Reply
 
Thread Tools Display Modes
 
Old 02-16-2014, 12:27 PM   #1
Bus Crazy
 
roach711's Avatar
 
Join Date: May 2010
Location: Farmington Hills, Mi (Detroit area)
Posts: 1,572
Year: 2000
Coachwork: Eldorado Aerotech 24'
Chassis: Ford E-450 Cutaway Bus
Engine: 7.3L Powerstroke
Rated Cap: 19
RV plumbing freeze test

I have both PEX and vinyl braided tubing in our bus and even though I winterize the plumbing each fall (by sucking out the water with my shop vac) I still wondered what might happen if I didn't get all the water out of the system.

I had read that PEX tubing is freeze resistant but what does that mean? So, since I'm now semi-retired and have way too much time on my hands, I decided to do a test.

I cut a piece of 3/4" PEX, filled it with water, formed it into a circle then crimped the connector rings with a small PEX crimp tool. I did more or less the same with some 1/2" vinyl braided tubing I had laying around except I used hose clamps to seal the connector. As a control I also soldered end caps on to a length of 1/2" copper pipe. All three were assembled under water to make sure no air remained inside then I put them outside overnight in 10 degree (Fahrenheit) cold.

My expectation was that the copper pipe would fail outright and that the vinyl braided tubing would hold. I thought the PEX tubing would also hold but wanted to see for myself since I'm considering upgrading our home plumbing.

Here are the three test rigs



Here's the PEX crimp tool with crimp rings



The next morning I checked our intrepid test subjects and found the copper pipe had failed. No surprise there. What did surprise was that the end cap had been pushed off. The solder joint failed because of (ahem) operator error. I was freezing my butt off in the cold garage and hurried through the job ending up with a bad solder joint. I might just re-do this one and re test. It seems we never outgrow that love of wanton destruction.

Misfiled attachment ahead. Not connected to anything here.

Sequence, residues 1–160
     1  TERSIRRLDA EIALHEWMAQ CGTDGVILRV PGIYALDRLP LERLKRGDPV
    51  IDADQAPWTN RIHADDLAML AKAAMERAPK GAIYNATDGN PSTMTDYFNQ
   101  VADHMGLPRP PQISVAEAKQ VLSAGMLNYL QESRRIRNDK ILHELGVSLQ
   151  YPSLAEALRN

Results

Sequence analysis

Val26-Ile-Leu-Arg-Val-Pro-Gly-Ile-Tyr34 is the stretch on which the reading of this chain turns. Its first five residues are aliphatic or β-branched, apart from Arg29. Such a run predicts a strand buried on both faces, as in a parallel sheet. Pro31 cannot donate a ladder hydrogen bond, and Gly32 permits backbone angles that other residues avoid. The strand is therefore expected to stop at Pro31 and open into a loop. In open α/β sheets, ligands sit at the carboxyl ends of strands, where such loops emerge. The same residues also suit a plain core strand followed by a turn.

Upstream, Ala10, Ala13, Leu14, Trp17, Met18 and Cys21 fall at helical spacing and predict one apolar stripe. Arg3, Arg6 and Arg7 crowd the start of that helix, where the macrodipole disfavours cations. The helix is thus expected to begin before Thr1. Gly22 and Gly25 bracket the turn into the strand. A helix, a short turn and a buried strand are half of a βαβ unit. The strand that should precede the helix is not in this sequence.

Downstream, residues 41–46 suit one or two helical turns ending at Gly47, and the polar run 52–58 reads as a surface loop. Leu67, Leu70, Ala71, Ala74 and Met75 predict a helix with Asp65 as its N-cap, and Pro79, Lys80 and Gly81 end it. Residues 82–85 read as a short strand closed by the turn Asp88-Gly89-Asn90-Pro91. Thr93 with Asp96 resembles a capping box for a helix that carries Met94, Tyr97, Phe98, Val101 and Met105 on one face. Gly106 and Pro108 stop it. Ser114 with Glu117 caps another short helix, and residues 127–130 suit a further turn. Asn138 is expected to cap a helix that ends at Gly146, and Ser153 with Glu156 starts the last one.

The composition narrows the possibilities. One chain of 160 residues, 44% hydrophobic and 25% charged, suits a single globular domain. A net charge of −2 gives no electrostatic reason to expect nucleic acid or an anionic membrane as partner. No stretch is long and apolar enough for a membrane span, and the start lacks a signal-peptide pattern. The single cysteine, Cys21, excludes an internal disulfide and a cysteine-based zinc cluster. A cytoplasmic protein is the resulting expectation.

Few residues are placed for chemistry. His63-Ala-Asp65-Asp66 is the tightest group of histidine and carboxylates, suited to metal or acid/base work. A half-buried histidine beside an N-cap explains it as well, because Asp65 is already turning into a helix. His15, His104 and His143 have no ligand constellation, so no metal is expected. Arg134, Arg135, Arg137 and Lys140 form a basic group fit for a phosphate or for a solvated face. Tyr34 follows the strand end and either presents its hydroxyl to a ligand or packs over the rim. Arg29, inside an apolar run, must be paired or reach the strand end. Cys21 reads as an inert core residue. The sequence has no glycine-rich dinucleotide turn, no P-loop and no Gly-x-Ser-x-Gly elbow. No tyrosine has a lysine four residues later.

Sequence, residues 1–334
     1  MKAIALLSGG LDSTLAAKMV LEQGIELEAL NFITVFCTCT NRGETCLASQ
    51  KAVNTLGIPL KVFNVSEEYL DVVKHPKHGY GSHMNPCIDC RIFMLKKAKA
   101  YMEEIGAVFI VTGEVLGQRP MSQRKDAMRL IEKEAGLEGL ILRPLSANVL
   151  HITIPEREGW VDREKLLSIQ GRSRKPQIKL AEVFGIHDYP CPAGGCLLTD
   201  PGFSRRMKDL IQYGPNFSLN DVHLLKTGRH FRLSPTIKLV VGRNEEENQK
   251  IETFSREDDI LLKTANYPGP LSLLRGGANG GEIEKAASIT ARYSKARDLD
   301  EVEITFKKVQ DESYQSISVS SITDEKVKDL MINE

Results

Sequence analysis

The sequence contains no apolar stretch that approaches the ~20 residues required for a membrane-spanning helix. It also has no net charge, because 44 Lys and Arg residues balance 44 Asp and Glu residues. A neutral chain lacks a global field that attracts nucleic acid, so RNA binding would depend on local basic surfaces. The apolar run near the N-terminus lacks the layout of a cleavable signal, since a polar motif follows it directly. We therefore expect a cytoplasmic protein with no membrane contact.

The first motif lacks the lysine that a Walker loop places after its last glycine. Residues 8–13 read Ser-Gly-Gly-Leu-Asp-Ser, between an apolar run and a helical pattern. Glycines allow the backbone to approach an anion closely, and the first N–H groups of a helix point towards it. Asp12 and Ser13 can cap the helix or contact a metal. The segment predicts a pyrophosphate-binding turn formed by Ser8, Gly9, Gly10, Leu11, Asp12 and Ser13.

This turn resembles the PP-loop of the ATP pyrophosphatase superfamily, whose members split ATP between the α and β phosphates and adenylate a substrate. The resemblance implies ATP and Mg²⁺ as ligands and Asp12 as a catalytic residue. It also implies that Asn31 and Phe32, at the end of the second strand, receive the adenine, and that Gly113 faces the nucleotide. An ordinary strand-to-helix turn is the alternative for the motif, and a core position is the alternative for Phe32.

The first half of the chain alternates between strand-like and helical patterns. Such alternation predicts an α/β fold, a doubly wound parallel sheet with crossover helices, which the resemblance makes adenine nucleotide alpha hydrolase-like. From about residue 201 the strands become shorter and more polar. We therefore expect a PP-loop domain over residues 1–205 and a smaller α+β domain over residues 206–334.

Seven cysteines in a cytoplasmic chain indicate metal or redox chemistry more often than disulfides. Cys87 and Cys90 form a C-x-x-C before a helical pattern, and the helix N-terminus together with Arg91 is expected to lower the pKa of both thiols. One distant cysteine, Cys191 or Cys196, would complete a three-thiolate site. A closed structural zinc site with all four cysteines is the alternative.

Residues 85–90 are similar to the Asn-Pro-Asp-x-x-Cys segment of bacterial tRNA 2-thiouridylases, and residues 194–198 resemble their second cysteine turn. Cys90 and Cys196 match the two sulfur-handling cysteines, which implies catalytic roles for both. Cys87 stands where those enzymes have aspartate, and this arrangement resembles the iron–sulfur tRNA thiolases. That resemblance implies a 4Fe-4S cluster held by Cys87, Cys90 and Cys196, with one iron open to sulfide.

The PEX piece was still intact with some barely noticeable swelling near one side of the crimp joint and the vinyl braided tubing piece had just shrugged off the ice. It appears to have minimally expanded over it's entire length and just handled the situation.

So it looks like both the PEX and the vinyl braided tubing will be quite suitable in a situation where pipes might freeze. The PEX is stiff and difficult to bend while the vinyl braided tubing is quite flexible. The vinyl is rated at 250psi so it's plenty strong. If I had it to do over again I would use the vinyl tubing exclusively as water supply piping.

Regardless, I'll still be trying to get as much water out of the system as possible when winterizing. The plastic pipes and tank will all be fine with a little ice in low spots but the water pump, sink/shower traps and water heater would likely be damaged if left filled over the winter.
__________________
The Roach Motel
roach711 is offline   Reply With Quote
Old 02-16-2014, 01:15 PM   #2
Bus Crazy
 
Join Date: Jan 2008
Location: Upstate NY (Mohawk Valley)
Posts: 1,096
Re: RV plumbing freeze test

Thanks for the test. The experience I had with an RV at work was that the plastic impeller housing on the water pump split from not being fully drained, and ruined the pump. Since the pump is usually one of the more expensive parts of the water system, that experience has (over?) sensitized me to that particular failure. I personally would put the pump at the top of the list for inspection and protection.

If I were winterizing an RV, I might even disconnect the pump for the winter.

But I also have experience with copper pipes splitting lengthwise in back room of a house when I was away, and the furnace was turned down too low to sufficiently get out to the back. Those pipes are now PEX.
__________________
Someone said "Making good decisions comes from experience, experience comes from bad decisions." I say there are three kinds of people: those who learn from their mistakes, those who learn from the mistakes of others, and those who never learn.
Redbear is offline   Reply With Quote
Old 02-16-2014, 03:57 PM   #3
Bus Crazy
 
roach711's Avatar
 
Join Date: May 2010
Location: Farmington Hills, Mi (Detroit area)
Posts: 1,572
Year: 2000
Coachwork: Eldorado Aerotech 24'
Chassis: Ford E-450 Cutaway Bus
Engine: 7.3L Powerstroke
Rated Cap: 19
Re: RV plumbing freeze test